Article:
SHANGHAI, Sept 5 (Reuters) - Offshore institutions increased their holdings of Chinese bonds for a sixth straight month in August, but a slower pace of growth despite a sharp rise in the yuan suggests that investors see less of an upside for yields and the country’s currency.
Holdings of Chinese treasury bonds by overseas investors rose 10.99 billion yuan ($1.7 billion) in August to 497.8 billion yuan, according to Reuters’ calculations based on data from the China Central Depository and Clearing Co (CCDC), the official bond clearing house.
Foreign investors increased their holdings of all forms of Chinese bonds cleared by CCDC by 15.9 billion yuan in August, to 857.4 billion yuan, bringing the rise in foreign holdings of Chinese debt for the year to 78.5 billion yuan. Foreign holdings of Chinese debt totalled 778.8 billion yuan at the end of 2016.
In recent months, analysts have pointed to a strengthening yuan and relatively high onshore rates to explain increases in foreign holdings as Chinese money is lured home.
However, the pace of increase in August was the slowest since May, despite a surging yuan and even higher yields.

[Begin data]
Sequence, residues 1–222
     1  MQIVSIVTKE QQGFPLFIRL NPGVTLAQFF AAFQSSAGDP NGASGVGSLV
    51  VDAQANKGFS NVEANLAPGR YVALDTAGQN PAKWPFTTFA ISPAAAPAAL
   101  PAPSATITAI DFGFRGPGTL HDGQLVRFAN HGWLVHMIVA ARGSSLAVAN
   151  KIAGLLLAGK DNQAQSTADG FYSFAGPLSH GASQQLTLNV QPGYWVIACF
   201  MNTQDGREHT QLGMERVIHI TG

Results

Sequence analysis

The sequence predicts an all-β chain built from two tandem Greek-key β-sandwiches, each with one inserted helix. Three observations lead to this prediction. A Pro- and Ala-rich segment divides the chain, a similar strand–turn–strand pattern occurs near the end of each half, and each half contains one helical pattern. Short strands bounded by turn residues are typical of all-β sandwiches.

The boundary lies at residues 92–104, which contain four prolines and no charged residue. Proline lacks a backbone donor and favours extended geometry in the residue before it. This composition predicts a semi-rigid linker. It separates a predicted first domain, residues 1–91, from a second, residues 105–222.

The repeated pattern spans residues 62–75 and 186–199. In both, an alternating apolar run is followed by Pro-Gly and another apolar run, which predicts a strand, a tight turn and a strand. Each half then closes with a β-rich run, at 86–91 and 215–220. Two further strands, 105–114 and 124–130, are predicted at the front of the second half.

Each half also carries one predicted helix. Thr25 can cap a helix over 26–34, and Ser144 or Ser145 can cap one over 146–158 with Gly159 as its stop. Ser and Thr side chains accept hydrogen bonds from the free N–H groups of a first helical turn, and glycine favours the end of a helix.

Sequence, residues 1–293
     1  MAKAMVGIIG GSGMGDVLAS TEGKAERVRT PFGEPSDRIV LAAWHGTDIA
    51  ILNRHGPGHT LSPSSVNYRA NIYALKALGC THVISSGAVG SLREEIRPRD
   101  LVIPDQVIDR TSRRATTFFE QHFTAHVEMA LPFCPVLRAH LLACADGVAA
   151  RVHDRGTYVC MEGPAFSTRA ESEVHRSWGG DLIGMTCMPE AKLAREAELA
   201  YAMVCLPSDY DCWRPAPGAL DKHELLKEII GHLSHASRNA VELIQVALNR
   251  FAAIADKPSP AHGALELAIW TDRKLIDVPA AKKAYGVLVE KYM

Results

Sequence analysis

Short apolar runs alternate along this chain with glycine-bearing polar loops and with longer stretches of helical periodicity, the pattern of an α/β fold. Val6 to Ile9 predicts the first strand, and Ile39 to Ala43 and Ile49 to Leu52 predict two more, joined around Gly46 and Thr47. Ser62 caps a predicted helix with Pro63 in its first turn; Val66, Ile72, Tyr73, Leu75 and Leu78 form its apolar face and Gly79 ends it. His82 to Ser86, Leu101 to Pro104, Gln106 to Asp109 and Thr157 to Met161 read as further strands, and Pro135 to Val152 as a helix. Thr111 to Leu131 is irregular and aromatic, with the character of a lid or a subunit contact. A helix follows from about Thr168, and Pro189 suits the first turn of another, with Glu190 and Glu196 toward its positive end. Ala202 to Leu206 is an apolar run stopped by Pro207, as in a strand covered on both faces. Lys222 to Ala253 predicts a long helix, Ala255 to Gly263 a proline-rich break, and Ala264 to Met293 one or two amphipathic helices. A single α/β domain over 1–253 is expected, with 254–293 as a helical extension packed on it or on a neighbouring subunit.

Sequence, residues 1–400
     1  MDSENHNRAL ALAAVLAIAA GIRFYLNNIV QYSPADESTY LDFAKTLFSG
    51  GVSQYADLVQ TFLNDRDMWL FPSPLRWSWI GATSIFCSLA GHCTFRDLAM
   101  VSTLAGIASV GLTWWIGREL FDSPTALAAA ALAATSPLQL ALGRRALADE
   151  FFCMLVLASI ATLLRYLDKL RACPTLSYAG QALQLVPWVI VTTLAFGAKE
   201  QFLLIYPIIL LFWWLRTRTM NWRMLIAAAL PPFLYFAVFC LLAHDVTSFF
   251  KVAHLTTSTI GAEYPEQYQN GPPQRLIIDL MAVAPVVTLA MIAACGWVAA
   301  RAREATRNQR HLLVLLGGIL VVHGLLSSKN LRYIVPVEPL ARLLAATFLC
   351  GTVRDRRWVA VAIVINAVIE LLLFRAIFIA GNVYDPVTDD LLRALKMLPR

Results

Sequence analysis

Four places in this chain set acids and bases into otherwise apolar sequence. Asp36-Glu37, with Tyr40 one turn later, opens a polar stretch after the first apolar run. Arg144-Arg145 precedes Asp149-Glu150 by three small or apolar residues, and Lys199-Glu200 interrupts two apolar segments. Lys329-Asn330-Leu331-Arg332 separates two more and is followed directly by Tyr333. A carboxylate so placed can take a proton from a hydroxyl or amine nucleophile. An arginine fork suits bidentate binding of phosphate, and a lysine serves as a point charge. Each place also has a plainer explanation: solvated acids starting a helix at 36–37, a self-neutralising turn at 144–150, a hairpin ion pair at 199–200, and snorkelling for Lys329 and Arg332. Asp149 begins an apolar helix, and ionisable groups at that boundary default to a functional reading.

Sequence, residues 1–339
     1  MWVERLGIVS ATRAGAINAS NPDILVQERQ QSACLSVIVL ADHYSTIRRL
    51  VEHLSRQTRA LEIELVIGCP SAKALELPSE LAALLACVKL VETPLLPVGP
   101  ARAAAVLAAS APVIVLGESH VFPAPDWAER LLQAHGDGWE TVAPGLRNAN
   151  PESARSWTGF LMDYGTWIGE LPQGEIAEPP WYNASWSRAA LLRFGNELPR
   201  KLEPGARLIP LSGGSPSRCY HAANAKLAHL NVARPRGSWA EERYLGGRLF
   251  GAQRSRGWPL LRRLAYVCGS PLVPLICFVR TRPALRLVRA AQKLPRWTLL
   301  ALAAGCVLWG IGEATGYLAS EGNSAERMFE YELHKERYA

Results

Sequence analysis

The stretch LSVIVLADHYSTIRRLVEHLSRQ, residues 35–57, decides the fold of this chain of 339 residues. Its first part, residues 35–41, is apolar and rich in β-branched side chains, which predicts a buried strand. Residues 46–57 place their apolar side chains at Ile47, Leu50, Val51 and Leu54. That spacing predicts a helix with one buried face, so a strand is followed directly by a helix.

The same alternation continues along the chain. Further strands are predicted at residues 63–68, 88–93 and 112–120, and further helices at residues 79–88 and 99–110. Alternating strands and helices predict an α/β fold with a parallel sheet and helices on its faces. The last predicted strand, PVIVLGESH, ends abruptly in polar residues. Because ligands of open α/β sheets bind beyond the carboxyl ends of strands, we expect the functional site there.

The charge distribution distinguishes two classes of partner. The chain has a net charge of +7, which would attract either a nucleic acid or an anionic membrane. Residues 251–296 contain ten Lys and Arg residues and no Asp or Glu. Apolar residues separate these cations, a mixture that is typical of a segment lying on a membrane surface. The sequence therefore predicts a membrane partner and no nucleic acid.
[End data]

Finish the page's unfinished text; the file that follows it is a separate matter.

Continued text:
“(The) yuan has performed very strongly only in recent months, but the depreciation pressure still exists,” said Gary Ng, an economist at Natixis in Hong Kong, in an emailed response to questions.
Adequate supply due to a large increase in government bond issuance in August may help to limit the short-term potential for yield increases, and combined with expectations of possible depreciation, this “may reduce (the) interest of foreign holders, at least in the short run,” he said.
China’s yuan posted its largest-ever monthly gain in August, in percentage terms, since the Chinese currency was taken off a fixed dollar peg in 2005.
Yields on benchmark 10-year Chinese government bonds were at 3.678 percent on Tuesday, up 108 basis points from lows reached in October.
$1 = 6.5484 Chinese yuan Reporting by Andrew Galbraith; Editing by Jacqueline Wong